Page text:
A Graphic Approach to Cigarette Warning Labels
The Institute for Global Tobacco Control’s redesigned image database assesses graphic cigarette warning labels, one pack at a time.
In recent decades, cigarette smoking has declined dramatically in developed countries, however, the situation is radically different in many developing countries. Nearly 80 percent of the world’s 1 billion smokers live in low- and middle-income nations, according to the WHO.
Some countries have embraced the use of disturbing graphic imagery—cancer-ravaged lungs, rotted teeth and facial deformities—on cigarette packaging as a prevention tool. Still, tobacco manufacturers find ways to skirt anti-tobacco label laws.
In an effort to thwart such strategies, the Institute for Global Tobacco Control (IGTC) at the Johns Hopkins Bloomberg School of Public Health—with funding from Bloomberg Philanthropies through the Bloomberg Initiative to Reduce Tobacco Use—established the Tobacco Pack Surveillance System (TPackSS) database. The goal is to track whether warning labels are being implemented as intended in 14 low- and middle-income countries that top the list for tobacco sales and use.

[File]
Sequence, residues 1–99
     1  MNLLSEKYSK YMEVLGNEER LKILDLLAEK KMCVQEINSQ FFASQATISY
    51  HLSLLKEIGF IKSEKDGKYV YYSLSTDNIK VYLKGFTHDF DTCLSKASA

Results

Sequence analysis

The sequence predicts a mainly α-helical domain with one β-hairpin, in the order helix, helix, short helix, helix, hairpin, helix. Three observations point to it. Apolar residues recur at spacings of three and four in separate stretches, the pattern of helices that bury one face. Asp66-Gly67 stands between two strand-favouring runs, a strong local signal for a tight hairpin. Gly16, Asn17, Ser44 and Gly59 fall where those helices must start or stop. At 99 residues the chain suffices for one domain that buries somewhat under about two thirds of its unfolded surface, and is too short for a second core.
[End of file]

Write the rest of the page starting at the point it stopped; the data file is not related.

According to Carmen Washington, MPH, MSW, research program manager for IGTC, the database “specifically monitors tobacco packaging compliance with country health warning label requirements and marketing/branding on the packs.”
The watchdog database collects and reviews images of cigarette pack health warnings to help ensure full compliance with a country’s requirements and alignment with the WHO Framework Convention on Tobacco Control Article 11 Guidelines. Additionally, Washington says, TPackSS “can be used by governments to critique and improve their tobacco packaging requirements.”
In countries like India, Bangladesh, Vietnam and the Philippines, for example, how are manufacturers incorporating legal guidelines requiring labeling? In the Ukraine, are warning labels compliant with government standards for the size and placement of text? In Russia, does the wording on the box hint at “flavor appeal” (“rum & cherry,” for example) as a form of marketing? Tobacco labeling laws differ from country to country, and many manufacturers use cigarette packages themselves as promotional space in markets that limit traditional advertising of tobacco products.
The database can be filtered by country, brand, year of collection and use of misleading language. TPackSS also permits users to upload images of packs they find to help document what’s on the market globally. Washington reports that the database has received uploads from Guatemala, Bolivia, Jordan, Bosnia, Jamaica, Malawi and Myanmar to name a few.
IGTC researchers hope that the database can serve as one more public health tool to educate consumers and hold tobacco product manufacturers accountable.